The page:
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About Omaha

Omaha is the largest city in the State of Nebraska, United States. It is the county seat of Douglas County.GR6 As of the 2000 census, the city had a population of 390,007. According to the 2006 census estimate, Omaha's population rose to 427,872, which includes an extra population count of approximately 8,300 people by annexing the smaller city of Elkhorn. Located on the eastern edge of Nebraska, it is on the Missouri River, about 20 miles (30 km) north of the mouth of the Platte River. Omaha is the anchor of the Omaha-Council Bluffs metropolitan area. Council Bluffs, Iowa lies directly across the Missouri River from Omaha. The city and its suburbs formed the 60th-largest metropolitan area in the United States in 2000, with an estimated population of 822,549 (2006[1]) residing in eight counties or about 1.2 million within a 50 mile (80 km) radius.

Destination Guides > North America > USA > Great Plains > Nebraska > Eastern Nebraska > Omaha

An aerial view of Omaha.

 

The history of Omaha led to the nickname "Gate City" because of Omaha's centrality in the nation and access to the gold fields of Colorado. The leadership of the Omaha Claim Club included many of the city's founding fathers, many of whom received lots in Scriptown and likely never visited Sheelytown. While many of Omaha's early wealthy class were making money from the warehouses in Jobbers Canyon, madames Anna Wilson and Ada Everleigh were making a living from the crowds visiting the 1898 Trans-Mississippi Exposition. Boss Tom Dennison compounded the city's vices in the notorious Sporting District, while others invested in the Omaha Stockyards and packinghouses. While the wealthy were building homes in Kountze Park and Dundee, many working class immigrants built homes in the Sheelytown and Burlington Road neighborhoods, while many African Americans lived in the Near North Side. Many early settlers are buried in Prospect Hill Cemetery. After two race-focused lynchings in its early history, the Civil Rights Movement in Omaha included contributions by Whitney Young and Harry Haywood, as well as local organizations including the DePorres Club and the Omaha Star. Nebraska State Senator Ernie Chambers gained national notoriety in the late 1960s documentary film A Time for Burning, and has maintained it throughout his career, recently being named "the maverick of Omaha" by Mother Jones magazine.[2]

Funding for schools and racial segregation have been contentious issues for education in the Omaha Public Schools and surrounding districts for the last several years. This tension was relieved in early 2007 when the Nebraska Legislature developed a plan to use learning communities that ensure socioeconomic diversity. Education experts have called this plan, "an important model to watch."[3] Crime in Omaha is comparable to other U.S. cities of similar size, with racial tension and methamphetamine use among top social issues.[4]

Omaha has a rich cultural background. Cultural highlights include the Joslyn Art Museum, the Durham Western Heritage Museum, the Holland Performing Arts Center, and the Omaha Community Playhouse. The city boasts headquarters for such companies as Berkshire Hathaway and Conagra, and is listed as a top 10 high tech haven by Newsweek in 2001.[5] Music in Omaha has always been important to the city, with North Omaha's music scene being historically important and in modern times, the "Omaha Sound" defining an important trend across the nation.[6]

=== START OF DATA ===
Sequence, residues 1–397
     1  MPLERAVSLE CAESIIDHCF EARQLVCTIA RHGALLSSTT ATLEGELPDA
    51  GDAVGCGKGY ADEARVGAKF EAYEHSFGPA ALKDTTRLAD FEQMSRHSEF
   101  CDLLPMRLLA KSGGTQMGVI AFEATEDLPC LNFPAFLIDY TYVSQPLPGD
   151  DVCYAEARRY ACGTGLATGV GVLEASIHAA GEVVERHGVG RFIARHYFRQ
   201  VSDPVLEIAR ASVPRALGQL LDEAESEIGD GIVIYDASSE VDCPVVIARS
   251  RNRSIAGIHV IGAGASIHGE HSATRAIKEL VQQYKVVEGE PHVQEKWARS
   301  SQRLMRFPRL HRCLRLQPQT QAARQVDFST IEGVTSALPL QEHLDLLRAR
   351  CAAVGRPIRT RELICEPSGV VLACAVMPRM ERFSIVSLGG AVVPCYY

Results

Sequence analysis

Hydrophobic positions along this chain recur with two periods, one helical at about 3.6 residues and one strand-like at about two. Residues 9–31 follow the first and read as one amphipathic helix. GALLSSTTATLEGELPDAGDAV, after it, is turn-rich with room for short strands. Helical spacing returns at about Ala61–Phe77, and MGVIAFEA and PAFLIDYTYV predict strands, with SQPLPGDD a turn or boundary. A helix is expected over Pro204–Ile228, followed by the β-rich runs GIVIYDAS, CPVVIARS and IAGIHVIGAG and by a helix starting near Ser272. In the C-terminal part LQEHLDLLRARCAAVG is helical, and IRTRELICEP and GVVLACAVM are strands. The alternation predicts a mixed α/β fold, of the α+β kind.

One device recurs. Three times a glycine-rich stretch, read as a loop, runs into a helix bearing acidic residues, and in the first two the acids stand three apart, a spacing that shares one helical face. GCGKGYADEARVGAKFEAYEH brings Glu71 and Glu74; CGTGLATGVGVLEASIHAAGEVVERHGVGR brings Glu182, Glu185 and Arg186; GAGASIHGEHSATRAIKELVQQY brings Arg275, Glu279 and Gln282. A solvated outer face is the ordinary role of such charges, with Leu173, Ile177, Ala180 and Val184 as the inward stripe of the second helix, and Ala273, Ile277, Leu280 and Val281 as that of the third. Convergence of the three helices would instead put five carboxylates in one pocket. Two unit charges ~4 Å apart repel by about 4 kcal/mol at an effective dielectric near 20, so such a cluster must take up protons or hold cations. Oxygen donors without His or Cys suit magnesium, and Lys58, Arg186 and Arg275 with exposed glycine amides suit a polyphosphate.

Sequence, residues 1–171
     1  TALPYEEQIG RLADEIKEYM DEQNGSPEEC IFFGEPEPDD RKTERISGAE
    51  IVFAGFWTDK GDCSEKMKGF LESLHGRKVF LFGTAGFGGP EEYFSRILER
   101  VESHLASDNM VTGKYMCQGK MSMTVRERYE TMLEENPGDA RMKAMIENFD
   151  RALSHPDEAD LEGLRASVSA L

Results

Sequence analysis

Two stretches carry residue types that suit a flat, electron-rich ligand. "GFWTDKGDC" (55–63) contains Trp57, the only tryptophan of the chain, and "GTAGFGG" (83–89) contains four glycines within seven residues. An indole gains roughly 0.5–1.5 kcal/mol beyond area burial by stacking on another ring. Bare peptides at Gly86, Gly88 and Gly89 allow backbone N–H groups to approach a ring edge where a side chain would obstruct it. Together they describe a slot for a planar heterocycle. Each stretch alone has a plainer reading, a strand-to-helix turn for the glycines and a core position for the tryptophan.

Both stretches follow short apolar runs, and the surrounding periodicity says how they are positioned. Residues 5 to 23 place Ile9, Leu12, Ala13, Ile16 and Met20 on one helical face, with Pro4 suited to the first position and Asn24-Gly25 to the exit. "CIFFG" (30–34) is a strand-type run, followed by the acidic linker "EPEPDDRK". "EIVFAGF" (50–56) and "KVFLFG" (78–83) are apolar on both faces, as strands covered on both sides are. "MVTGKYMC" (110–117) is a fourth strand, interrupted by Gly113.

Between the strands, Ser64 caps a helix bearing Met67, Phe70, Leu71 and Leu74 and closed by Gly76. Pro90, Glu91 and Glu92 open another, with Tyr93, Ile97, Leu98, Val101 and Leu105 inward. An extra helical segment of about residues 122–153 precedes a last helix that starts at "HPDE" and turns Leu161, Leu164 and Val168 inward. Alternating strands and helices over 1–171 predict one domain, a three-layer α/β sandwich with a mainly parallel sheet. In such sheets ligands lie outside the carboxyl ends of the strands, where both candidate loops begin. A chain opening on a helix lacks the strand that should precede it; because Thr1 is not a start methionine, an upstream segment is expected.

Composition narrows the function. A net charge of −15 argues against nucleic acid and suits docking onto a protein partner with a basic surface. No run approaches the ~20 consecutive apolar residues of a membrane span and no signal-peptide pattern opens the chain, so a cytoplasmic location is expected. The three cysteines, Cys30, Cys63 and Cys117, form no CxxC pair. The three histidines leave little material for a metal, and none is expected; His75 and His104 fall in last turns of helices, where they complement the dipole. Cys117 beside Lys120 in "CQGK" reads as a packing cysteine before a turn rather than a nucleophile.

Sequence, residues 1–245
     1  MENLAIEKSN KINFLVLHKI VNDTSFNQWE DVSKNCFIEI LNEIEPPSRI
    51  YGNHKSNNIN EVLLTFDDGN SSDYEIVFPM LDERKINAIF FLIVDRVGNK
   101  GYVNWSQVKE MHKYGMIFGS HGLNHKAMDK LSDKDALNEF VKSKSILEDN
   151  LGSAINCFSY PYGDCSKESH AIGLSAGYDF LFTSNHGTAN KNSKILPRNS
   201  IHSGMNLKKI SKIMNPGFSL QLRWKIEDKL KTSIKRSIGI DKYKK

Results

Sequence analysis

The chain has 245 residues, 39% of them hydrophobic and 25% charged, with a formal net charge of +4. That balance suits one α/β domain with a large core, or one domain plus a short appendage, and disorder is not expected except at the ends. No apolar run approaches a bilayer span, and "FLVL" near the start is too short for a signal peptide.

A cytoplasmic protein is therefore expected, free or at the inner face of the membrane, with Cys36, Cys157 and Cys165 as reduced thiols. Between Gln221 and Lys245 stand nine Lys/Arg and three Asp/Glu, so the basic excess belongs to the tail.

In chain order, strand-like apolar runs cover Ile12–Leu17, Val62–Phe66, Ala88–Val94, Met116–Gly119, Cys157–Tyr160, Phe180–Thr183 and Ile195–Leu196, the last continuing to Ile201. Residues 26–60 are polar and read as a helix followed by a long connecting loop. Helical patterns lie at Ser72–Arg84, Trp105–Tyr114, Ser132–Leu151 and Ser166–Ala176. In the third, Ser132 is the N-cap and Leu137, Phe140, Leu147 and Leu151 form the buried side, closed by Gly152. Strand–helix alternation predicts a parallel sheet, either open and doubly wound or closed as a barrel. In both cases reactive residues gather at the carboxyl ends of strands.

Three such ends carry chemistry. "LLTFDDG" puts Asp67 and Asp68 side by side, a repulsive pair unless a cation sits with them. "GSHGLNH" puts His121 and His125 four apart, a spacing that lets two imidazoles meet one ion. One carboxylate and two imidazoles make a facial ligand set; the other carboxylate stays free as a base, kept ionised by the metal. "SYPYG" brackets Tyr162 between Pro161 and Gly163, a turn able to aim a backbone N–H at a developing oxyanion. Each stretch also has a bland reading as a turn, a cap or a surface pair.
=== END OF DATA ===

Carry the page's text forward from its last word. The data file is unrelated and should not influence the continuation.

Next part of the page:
The city's historical and cultural attractions have been lauded by numerous national newspapers, including the Boston Globe[7] and the New York Times.[8]

Omaha's skyline as seen from the northeast in Iowa

Culture

Joslyn Art Museum's tiled Fountain Court
Joslyn Art Museum's tiled Fountain Court

Omaha is home to the Omaha Community Playhouse, the largest community theater in the United States.[11] The Omaha Symphony Orchestra and its modern Holland Performing Arts Center[12], the Opera Omaha at the Orpheum and Rose theaters, and the Blue Barn Theatre form the backbone of Omaha's performing arts community.

Opened in 1931, the Joslyn Art Museum has significant art collections.[13] Since its inception in 1976, Omaha Children's Museum has been a place where children can challenge themselves, discover how the world works and learn through play. The largest urban artists' colony in the world, The Bemis Center for Contemporary Arts, was founded in Omaha,[14] and the Durham Western Heritage Museum is accredited with the Smithsonian Institution for traveling exhibits from the Smithsonian[15]. The annual Omaha Blues, Jazz, & Gospel Festival celebrates local music along with the Omaha Black Music Hall of Fame.

In 1955 Omaha's Union Stockyards overtook Chicago's stockyards as the United States' meat packing center, and this legacy is reflected in Omaha's renowned steakhouses like Gorat's and the recently closed Mister C's, as well as through the retail chain Omaha Steaks.

The Henry Doorly Zoo is widely considered one of the premier zoos in the world. Omaha's historic downtown area known as the Old Market was once part of the former "Jobbers Canyon". Today its warehouses and other buildings house shops, restaurants, bars, and art galleries. The Omaha Botanical Gardens features 100 acres (40 hectares), while the new Kenefick Park recognizes Union Pacific's long history in Omaha.

North Omaha is the home to several historical cultural attractions, including the Dreamland Historical Project, Love’s Jazz & Art Center, and the John Beasley Theater. The annual River City Roundup is celebrated at Fort Omaha; Florence Days celebrate Florence history, and; Native Omaha Days is a biennial event celebrating Near North Side heritage.

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